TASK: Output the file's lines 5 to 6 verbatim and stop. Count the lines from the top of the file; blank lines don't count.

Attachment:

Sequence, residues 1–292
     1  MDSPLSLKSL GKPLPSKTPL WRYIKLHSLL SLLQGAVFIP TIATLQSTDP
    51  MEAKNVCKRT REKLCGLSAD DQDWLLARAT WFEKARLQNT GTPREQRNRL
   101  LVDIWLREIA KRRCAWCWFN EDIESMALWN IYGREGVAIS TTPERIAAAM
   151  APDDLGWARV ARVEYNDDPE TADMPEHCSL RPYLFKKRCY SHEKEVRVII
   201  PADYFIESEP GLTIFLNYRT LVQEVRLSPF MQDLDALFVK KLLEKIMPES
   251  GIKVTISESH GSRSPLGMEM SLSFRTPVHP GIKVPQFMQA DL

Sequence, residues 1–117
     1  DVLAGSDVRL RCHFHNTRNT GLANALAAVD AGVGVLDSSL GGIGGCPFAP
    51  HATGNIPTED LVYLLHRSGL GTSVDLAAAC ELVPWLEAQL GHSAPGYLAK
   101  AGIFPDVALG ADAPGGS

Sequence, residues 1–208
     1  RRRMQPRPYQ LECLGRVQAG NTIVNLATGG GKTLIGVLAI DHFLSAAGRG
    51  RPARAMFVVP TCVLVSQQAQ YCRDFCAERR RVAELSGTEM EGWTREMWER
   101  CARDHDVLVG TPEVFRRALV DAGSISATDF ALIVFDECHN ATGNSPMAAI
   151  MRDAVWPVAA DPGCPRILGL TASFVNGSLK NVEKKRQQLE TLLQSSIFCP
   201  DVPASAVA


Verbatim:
   151  APDDLGWARV ARVEYNDDPE TADMPEHCSL RPYLFKKRCY SHEKEVRVII
   201  PADYFIESEP GLTIFLNYRT LVQEVRLSPF MQDLDALFVK KLLEKIMPES